We investigated behavioral and neural mechanisms in the relation between social media use (SMU) and self-concept, as well as longitudinal developmental outcomes. Adolescents and young adults (N = 150, 11–21 years old at T1) rated themselves on 60 traits in the academic, physical and prosocial domain, and also indicated how they thought peers would judge them (reflected-peer-judgements). Longitudinal questionnaires (1- and 2-year follow-up) were collected to assess positive (prosocial behavior, self-concept clarity) and negative (clinical symptoms) long-term outcomes. Results indicated that heavier self-reported SMU was linked with lower difference scores between self-judgements and reflected-peer-judgements. Lower SMU was related to more positive ratings from self-judgements vs. reflected-peer-judgements. SMU was also associated with less positive self-concept, particularly in the academic domain (boys and girls) and physical domain (girls). Neurally, increased SMU was linked to heightened mPFC-activity during self-judgements compared to reflected-peer-judgements, and increased activity during physical compared to academic and prosocial self-judgements. Longitudinal analyses indicated no evidence for long-term effects of social media use, self/reflected-peer-difference scores and mPFC-activity on clinical symptoms, prosocial behavior or self-concept clarity. This study highlights the complex relationship between social media use and wellbeing and future research is needed to confirm the lack of long-term effects.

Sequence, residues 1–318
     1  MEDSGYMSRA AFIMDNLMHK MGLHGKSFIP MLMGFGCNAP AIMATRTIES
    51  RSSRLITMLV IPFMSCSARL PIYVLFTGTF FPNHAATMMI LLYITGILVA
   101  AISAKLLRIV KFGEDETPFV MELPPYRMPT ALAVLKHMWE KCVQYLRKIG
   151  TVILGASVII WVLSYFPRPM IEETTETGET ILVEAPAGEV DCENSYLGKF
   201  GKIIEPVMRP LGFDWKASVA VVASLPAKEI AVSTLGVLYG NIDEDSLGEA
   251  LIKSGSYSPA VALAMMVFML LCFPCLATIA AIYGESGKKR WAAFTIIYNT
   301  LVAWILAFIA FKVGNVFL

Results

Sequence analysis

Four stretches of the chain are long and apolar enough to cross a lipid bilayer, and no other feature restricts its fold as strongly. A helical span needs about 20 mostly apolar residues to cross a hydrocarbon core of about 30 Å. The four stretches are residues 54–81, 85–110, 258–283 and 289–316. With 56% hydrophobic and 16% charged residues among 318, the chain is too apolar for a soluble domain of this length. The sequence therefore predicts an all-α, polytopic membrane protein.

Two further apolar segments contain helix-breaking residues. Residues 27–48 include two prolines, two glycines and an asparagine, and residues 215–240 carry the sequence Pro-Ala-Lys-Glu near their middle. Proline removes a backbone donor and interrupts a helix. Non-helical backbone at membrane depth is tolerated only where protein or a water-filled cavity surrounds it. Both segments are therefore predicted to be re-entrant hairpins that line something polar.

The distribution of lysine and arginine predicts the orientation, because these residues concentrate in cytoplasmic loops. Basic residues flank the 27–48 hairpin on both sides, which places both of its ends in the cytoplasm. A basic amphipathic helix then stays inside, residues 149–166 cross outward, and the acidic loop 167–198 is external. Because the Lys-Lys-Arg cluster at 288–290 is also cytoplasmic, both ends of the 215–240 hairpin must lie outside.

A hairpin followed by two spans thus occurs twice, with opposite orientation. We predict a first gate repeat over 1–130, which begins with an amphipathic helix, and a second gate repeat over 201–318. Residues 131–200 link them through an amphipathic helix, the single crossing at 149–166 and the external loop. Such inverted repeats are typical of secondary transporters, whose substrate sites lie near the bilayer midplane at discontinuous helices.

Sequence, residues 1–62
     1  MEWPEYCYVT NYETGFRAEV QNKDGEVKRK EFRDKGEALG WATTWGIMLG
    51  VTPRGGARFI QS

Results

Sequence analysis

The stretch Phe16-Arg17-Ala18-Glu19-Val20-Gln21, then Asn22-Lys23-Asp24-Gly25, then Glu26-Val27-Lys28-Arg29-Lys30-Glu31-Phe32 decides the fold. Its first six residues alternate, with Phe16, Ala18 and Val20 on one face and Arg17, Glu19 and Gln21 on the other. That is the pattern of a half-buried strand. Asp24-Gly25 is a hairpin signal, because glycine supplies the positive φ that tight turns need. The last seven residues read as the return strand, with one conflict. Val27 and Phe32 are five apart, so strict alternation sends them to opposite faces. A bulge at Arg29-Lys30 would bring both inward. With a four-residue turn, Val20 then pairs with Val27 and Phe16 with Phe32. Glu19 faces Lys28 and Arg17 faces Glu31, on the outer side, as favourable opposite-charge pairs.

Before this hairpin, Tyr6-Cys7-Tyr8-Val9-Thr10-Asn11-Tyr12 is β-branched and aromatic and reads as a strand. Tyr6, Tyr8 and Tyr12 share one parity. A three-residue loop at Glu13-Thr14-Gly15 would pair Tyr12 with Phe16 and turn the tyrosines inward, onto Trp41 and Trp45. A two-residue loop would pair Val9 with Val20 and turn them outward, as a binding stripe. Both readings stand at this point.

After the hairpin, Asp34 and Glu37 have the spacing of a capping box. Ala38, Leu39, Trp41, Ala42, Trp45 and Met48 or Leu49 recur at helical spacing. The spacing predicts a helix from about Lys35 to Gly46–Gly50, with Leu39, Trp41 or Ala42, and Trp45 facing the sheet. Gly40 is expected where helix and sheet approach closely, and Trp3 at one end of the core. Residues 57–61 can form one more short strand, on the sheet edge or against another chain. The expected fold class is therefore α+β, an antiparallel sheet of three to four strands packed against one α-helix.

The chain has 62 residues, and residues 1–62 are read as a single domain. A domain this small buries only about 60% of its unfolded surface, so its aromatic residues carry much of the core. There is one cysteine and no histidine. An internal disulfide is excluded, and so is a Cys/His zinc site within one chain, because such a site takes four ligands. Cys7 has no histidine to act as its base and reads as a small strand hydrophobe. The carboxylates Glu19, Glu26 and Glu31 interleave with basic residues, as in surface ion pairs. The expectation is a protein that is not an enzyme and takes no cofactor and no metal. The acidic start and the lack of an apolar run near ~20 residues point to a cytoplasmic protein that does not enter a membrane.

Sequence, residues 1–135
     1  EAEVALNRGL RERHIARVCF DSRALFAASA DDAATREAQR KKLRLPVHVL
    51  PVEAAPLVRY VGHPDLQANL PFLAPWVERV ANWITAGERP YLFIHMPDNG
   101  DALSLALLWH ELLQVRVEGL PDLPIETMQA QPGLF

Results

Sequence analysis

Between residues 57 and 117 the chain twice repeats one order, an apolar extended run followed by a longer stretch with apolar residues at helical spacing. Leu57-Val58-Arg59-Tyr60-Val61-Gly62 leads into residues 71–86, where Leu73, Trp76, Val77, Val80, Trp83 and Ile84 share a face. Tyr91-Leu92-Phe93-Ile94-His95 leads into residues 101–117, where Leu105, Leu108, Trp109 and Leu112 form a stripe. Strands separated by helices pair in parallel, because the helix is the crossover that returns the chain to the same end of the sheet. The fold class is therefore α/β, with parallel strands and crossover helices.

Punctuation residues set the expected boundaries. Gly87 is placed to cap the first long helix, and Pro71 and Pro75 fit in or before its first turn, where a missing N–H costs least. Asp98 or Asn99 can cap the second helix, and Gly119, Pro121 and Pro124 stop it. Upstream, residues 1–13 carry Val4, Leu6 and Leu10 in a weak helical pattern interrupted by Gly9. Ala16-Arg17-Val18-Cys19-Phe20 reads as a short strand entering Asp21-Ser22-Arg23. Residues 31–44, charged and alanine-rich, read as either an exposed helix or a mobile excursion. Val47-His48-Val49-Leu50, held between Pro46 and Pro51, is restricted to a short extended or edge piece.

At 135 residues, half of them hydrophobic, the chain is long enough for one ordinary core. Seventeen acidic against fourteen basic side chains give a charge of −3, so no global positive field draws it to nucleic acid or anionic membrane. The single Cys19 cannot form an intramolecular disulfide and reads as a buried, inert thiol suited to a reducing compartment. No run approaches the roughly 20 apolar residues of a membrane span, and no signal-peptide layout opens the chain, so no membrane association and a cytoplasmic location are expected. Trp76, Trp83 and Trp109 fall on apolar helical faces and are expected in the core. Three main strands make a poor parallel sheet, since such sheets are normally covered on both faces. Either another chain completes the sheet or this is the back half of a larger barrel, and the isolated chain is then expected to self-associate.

Bibliographical noteFunding Information:
This work was supported by the Netherlands Organization for Scientific Research (NWO-VICI 453-14-001 E.A.C.). We thank all participants and their parents for their participation. We would also like to thank Marjolein Wille, Suzanne van de Groep, Sibel Altikula?, Martine Verheij, Fr?derique Arntz, and Rebecca Mourits for their help with data collection.
This work was supported by the Netherlands Organization for Scientific Research ( NWO-VICI 453-14-001 E.A.C. ). We thank all participants and their parents for their participation. We would also like to thank Marjolein Wille, Suzanne van de Groep, Sibel Altikulaç, Martine Verheij, Fréderique Arntz, and Rebecca Mourits for their help with data collection.